No-till and cover crops improve soil health, but benefits of these cropping methods also reach the pocketbook. During a panel discussion at the UW Discovery Farms Annual Conference held in Wisconsin Dells, Wis., three farmers shared their experiences with no-till, cover crops, and planting green (planting into existing cover crops).
The first panelist, Adam Lasch from Lake Geneva, Wis., explained that farms can utilize these practices without making a huge investment. He and his wife operate a first generation dairy, beef, sheep, and laying hen operation, and they use no-till on all of their 200 acres.
“You do not have to have fancy equipment to no-till and plant green,” he said, sharing photos of the old machinery he adapted and uses.
He is also a firm believer in the planting green concept. “I am of the opinion it is harder to plant no-till than it is to plant with covers. Covers make the no-till work better,” he said.
Lasch also shared some forage quality numbers from the crops grown on these acres, demonstrating that quality feed for their dairy herd could be grown at a lower cost.
Derek Van De Hey, who farms with his father and two brothers in DePere, Wis., talked about what his family calls their “Million Dollar Plan.” The Van De Heys milk 950 cows, raise 850 young stock, and crop 2,500 acres. In 2007, they planted their first cover crop as an inexpensive forage source for heifers. Today, they do as much no-till and cover cropping as possible to reduce their carbon footprint and improve soil quality.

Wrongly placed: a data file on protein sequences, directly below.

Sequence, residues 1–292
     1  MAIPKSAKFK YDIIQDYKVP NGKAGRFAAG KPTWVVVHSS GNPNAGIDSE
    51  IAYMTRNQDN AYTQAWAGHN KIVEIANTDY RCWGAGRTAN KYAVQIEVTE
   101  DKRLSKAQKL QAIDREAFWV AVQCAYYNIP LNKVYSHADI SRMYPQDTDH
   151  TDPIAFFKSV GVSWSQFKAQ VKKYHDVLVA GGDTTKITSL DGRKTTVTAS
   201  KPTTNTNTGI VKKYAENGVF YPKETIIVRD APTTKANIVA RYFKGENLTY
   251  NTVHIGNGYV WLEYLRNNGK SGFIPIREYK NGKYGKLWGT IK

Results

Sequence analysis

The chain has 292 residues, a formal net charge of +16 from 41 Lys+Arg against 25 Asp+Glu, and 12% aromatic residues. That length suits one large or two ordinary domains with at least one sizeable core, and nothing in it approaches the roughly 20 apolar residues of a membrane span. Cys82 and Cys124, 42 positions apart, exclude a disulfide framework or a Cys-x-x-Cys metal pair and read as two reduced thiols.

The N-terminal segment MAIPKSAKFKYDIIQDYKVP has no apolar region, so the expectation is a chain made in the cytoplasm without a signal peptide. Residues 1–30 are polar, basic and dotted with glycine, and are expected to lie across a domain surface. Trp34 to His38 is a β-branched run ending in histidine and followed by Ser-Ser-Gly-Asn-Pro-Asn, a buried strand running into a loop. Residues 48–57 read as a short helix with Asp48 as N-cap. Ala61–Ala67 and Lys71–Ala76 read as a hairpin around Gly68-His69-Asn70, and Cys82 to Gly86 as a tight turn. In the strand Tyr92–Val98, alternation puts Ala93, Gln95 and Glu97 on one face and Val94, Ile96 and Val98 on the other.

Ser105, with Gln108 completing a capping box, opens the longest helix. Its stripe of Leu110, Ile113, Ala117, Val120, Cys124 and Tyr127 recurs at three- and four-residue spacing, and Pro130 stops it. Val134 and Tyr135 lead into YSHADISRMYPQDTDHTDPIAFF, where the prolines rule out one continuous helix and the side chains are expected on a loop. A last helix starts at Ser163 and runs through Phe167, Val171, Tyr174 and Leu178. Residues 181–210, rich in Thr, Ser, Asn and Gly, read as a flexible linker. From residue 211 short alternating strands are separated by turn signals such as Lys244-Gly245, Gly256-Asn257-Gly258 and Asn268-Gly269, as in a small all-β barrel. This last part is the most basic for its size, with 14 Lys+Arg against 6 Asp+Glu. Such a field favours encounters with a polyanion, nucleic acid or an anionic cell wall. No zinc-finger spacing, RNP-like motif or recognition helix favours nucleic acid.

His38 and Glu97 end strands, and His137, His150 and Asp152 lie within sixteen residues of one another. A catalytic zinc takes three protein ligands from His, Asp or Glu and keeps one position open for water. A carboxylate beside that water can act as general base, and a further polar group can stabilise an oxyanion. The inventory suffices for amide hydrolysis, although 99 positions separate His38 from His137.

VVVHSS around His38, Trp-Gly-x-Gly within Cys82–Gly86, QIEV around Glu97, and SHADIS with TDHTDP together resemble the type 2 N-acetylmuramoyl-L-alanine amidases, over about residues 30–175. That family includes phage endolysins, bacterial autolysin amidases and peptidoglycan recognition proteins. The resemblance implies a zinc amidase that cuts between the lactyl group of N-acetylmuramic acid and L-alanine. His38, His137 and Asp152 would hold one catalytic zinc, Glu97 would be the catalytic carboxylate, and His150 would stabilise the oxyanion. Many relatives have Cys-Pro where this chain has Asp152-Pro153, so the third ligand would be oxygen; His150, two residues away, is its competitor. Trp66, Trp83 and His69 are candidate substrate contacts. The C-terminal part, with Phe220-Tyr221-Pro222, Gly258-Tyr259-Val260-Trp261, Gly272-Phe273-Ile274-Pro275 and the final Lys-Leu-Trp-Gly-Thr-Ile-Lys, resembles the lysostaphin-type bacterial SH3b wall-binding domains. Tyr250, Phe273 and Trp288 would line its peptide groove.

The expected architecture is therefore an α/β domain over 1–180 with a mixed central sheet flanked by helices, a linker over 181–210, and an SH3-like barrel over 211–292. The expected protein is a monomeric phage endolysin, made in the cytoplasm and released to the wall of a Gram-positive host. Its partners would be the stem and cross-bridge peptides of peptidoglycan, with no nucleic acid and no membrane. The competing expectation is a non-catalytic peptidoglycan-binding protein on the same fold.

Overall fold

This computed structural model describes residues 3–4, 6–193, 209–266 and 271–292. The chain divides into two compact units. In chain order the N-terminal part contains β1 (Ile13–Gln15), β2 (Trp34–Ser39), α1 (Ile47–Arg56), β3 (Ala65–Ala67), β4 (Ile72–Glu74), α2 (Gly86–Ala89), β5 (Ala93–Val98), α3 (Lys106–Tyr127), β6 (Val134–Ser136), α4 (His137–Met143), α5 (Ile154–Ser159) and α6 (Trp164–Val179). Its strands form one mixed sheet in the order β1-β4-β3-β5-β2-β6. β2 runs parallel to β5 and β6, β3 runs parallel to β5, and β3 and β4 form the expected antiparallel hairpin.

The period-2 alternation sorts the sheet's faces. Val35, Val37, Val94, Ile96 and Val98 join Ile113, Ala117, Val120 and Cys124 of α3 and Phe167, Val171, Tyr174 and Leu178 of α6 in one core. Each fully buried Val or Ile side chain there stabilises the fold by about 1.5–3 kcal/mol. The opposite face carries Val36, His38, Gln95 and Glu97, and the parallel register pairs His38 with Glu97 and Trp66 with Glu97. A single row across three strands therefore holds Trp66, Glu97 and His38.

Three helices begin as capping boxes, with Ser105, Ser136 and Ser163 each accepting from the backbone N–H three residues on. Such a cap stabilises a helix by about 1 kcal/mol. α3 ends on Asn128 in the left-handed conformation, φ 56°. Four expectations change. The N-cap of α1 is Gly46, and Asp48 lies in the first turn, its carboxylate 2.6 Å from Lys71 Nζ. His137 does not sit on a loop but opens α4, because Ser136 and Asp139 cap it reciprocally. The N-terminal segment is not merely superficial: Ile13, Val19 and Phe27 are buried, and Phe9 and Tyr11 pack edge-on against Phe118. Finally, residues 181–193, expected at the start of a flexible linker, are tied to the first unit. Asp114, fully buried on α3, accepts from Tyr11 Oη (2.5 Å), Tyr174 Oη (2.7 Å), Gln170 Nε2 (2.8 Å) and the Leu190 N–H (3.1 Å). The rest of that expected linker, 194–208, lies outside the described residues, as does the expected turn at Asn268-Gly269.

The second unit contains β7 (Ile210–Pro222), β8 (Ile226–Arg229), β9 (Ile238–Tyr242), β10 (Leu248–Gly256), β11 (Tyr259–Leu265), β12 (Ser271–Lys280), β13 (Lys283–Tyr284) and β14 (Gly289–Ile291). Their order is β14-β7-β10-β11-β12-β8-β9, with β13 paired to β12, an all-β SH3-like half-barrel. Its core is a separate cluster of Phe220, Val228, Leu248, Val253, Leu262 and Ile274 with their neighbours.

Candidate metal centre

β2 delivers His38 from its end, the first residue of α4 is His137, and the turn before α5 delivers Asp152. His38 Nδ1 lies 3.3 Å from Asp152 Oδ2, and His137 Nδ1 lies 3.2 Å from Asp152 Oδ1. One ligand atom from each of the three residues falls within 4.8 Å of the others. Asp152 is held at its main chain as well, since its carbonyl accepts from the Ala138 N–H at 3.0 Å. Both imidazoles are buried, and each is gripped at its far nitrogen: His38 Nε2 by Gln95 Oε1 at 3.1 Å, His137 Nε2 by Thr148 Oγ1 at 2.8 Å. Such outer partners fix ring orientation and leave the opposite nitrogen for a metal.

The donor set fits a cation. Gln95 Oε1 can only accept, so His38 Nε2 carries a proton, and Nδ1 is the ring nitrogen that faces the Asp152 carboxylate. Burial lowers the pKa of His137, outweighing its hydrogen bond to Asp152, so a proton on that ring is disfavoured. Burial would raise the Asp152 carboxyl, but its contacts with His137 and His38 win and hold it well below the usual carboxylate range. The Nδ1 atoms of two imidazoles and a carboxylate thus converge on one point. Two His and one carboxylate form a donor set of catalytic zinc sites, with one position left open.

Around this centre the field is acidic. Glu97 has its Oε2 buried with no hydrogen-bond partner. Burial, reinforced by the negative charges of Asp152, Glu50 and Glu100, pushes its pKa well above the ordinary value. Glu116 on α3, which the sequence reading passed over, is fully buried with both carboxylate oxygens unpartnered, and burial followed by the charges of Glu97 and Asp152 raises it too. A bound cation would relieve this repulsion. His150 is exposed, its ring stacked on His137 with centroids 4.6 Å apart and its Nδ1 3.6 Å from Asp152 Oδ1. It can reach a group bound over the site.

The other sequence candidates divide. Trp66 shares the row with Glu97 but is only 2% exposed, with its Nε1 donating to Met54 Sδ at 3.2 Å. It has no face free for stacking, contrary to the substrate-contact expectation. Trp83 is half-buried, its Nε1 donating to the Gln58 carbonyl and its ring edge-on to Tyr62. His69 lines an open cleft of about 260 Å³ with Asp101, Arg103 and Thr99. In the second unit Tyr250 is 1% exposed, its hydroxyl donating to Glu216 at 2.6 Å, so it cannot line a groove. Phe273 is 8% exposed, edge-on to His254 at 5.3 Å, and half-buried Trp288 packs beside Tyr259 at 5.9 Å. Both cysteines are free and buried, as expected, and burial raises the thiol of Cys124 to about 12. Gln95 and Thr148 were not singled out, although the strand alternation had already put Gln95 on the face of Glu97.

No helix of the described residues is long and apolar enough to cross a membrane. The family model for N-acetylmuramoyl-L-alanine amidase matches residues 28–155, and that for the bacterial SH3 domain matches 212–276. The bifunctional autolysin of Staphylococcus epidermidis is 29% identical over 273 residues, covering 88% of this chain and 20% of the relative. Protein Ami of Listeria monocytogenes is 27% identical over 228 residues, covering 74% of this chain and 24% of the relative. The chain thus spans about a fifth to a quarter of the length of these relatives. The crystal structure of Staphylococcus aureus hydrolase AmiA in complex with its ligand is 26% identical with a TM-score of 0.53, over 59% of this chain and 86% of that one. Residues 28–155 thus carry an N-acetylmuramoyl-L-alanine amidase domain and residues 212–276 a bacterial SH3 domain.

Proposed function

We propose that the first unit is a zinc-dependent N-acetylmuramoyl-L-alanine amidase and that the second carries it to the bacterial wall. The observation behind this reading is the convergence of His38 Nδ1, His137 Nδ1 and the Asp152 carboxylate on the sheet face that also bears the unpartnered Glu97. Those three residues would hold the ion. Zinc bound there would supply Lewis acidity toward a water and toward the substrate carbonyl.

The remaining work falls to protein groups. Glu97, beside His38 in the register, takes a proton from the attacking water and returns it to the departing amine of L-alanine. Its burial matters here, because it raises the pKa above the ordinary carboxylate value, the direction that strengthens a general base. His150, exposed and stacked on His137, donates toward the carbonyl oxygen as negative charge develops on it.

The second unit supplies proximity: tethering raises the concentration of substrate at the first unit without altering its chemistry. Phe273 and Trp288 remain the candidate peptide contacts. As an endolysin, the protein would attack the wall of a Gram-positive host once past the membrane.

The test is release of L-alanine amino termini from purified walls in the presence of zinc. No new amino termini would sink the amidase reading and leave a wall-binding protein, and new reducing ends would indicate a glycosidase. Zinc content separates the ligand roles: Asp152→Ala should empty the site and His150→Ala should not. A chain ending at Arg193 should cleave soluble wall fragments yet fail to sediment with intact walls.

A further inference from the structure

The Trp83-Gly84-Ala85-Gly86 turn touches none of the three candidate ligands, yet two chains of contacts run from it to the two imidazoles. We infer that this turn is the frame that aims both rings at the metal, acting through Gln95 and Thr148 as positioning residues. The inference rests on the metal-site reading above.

With fewer inputs and better soil health, Van De Hey estimates they will be able to save a million dollars in less than 10 years. “Lowering inputs means more money in the pocket,” he said. “The less money you spend, the less money you have to make.”
The third panelist was Tony Peirick, who farms with his brother and their sons at T & R Dairy in Watertown, Wis., They milk 200 cows, run 1,100 acres, and do some custom planting, spraying, and harvesting. They have been using no-till for 24 years, implemented cover crops 10 years ago, and have been planting green for the past three years.
Peirick said that he’s not a numbers guy, but he recognizes the benefits of these practices. “It’s amazing what you see year in and year out, and I like what I see,” he said.
He has noticed better weed and soybean cyst nematode suppression, along with less white mold in their soybeans. The soil has better water infiltration and improved moisture retention in dry years. And over the years, input costs have been reduced.
While the benefits of no-till, cover crops, and planting green are many for these producers, the financial benefits — in the form of reduced costs — are definitely a plus for the bottom line.